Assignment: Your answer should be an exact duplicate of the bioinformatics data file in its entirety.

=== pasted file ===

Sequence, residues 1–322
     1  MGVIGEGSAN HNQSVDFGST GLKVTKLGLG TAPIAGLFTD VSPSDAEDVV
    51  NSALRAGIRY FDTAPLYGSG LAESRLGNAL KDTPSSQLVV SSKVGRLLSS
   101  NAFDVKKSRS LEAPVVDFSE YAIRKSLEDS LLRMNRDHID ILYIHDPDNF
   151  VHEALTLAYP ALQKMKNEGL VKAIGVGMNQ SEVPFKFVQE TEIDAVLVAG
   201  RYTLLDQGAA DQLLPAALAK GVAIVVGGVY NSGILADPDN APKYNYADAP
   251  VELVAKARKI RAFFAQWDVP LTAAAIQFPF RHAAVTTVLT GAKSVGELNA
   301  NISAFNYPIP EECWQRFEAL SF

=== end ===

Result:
Sequence, residues 1–322
     1  MGVIGEGSAN HNQSVDFGST GLKVTKLGLG TAPIAGLFTD VSPSDAEDVV
    51  NSALRAGIRY FDTAPLYGSG LAESRLGNAL KDTPSSQLVV SSKVGRLLSS
   101  NAFDVKKSRS LEAPVVDFSE YAIRKSLEDS LLRMNRDHID ILYIHDPDNF
   151  VHEALTLAYP ALQKMKNEGL VKAIGVGMNQ SEVPFKFVQE TEIDAVLVAG
   201  RYTLLDQGAA DQLLPAALAK GVAIVVGGVY NSGILADPDN APKYNYADAP
   251  VELVAKARKI RAFFAQWDVP LTAAAIQFPF RHAAVTTVLT GAKSVGELNA
   301  NISAFNYPIP EECWQRFEAL SF